On Friday, the Santa Fe New Mexican reported that according to the New Mexico Secretary of State, Maggie Toulouse Oliver, county clerks in New Mexico could take up to two days to count ballots after the polls close, raising red flags about the integrity of the November 3rd Election.
The New Mexican reports:
In a virtual news conference Thursday, Secretary of State Maggie Toulouse Oliver warned unprecedented voter turnout is likely to leave county clerk’s offices counting ballots for at least a day or two after polls close, potentially delaying results in tight races.
She did not rule out the possibility of delayed New Mexico results for the presidential election….
“I’m feeling optimistic that we should be able to get through the absentee vote count within a day or two after Election Day,” said Toulouse Oliver. “I think that we’ll know what we know on election night in terms of the distribution of the votes and the margins of potential victory, and we should be able to make some pretty clear calls on election night in a lot of races.”
There is “no doubt many races around the state will be impacted by outstanding ballots still to count,” she added.
The extra time the Secretary of State is allowing may raise red flags as to the integrity of the election, with the New Mexico Supreme Court rejecting to hear a suit from the Republican Party of New Mexico regarding the Secretary of State barring Republican poll watchers from observing the counting of ballots on election night.
According to the Secretary of State’s data as of October 27, 265,739 absentee ballots had already been mailed back to county clerks across the state, 166,655 being from Democrats, 56,747 from Republicans, and the rest from minor parties and voters who decline to state a party affiliation.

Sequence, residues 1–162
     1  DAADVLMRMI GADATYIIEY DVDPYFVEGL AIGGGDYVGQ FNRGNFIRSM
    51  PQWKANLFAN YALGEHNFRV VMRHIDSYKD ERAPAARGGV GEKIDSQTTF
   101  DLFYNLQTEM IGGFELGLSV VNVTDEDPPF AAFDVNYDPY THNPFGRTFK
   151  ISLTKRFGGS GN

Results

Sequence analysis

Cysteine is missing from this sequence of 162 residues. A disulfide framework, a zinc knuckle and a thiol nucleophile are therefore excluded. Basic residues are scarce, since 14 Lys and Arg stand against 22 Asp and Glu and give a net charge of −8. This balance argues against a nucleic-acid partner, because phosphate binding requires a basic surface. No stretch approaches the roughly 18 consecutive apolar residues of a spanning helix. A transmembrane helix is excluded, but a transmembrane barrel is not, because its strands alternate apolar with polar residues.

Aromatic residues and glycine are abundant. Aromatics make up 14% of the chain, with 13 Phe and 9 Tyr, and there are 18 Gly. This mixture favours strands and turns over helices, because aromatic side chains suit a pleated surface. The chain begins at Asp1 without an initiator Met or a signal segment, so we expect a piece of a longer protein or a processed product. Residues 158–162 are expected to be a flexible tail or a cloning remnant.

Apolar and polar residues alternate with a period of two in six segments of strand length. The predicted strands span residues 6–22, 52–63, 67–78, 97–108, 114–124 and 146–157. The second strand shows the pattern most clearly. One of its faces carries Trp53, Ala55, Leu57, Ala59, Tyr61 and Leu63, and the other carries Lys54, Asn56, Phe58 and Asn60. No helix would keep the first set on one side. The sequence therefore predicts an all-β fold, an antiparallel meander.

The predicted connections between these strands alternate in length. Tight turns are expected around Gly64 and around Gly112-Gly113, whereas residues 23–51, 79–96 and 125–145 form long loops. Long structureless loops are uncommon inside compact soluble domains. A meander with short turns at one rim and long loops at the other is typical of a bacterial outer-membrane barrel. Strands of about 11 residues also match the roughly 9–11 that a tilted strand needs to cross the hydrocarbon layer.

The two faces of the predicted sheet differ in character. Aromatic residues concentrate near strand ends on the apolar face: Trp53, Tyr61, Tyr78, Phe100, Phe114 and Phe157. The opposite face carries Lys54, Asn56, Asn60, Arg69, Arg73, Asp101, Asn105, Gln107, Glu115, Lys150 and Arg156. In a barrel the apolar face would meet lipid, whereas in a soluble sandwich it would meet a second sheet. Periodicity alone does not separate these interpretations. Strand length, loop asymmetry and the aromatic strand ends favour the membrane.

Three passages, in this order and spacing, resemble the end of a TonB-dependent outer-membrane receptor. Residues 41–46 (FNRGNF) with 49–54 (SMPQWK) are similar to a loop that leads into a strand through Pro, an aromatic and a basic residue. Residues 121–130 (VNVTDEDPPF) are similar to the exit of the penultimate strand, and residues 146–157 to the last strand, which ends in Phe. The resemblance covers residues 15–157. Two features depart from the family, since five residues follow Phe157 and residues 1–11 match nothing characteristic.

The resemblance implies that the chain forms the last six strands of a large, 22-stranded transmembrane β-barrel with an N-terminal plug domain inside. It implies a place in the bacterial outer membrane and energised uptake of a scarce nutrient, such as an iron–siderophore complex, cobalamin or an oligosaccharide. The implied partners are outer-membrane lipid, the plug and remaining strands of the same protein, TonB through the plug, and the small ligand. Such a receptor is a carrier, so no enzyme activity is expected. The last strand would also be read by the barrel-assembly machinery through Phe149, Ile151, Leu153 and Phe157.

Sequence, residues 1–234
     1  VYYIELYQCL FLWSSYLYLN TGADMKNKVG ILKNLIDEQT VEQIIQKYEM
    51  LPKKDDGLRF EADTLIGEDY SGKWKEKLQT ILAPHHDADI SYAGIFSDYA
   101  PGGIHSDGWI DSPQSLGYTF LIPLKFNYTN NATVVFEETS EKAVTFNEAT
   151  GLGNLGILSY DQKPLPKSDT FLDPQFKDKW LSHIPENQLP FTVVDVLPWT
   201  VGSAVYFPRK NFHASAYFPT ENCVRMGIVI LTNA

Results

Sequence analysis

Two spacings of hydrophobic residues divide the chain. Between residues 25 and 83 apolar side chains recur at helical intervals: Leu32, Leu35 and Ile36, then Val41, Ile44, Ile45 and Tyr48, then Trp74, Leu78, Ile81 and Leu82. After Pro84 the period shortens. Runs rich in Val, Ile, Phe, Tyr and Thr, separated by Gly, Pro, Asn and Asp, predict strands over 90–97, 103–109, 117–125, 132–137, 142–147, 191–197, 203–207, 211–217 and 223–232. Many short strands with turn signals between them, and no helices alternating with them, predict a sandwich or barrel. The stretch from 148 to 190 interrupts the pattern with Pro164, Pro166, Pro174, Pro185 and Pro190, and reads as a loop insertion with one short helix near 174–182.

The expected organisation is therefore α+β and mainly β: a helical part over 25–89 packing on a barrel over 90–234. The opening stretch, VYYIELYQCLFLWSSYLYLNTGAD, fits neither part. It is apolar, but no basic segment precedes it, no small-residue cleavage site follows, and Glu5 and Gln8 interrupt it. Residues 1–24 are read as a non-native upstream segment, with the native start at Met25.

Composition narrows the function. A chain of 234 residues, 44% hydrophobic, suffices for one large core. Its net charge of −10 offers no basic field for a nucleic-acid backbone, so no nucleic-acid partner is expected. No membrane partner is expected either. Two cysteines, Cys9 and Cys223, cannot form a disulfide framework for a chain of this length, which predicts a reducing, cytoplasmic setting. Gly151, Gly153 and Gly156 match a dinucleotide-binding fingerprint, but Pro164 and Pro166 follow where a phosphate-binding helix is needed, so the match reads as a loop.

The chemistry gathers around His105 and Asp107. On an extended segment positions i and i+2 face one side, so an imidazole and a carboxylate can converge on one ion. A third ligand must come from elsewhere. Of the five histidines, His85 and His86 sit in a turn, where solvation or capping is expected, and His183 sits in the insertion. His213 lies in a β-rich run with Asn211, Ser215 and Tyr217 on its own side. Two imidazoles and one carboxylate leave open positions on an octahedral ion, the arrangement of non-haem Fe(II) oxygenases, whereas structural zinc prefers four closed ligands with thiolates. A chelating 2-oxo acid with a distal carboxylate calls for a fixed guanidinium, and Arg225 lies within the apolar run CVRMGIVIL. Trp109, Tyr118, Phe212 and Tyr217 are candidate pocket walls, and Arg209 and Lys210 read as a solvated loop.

The Democrat Party of New Mexico has already begun its ballot harvesting initiatives, according to Pameyla Herndon, a caucus chair for the party, who urged supporters during a closed fundraising call to harvest votes from senior citizens to favor Democrat candidates.
As of October 30, Republicans outnumber Democrats with in-person early voting, while Democrats outnumber Republicans dramatically with absentee. During the 2018 race in New Mexico’s Second Congressional District, thousands of irregularities were found in Doña Ana County, where Republican Yvette Herrell won the race on Election Day. However, once absentee ballots were “counted” later, the race was swung in Democrat Xochitl Torres Small’s favor. An audit revealed multiple signs of election fraud.
Just this year, two individuals have been convicted of voter fraud using absentee ballots, following New Mexico’s long track record of fraudulent election activity, which can be read more about here.
Due to the Coronavirus pandemic, even more absentee ballots are being cast for the November 2020 election, and the more absentee ballots without oversight from poll challengers are ripe for fraud.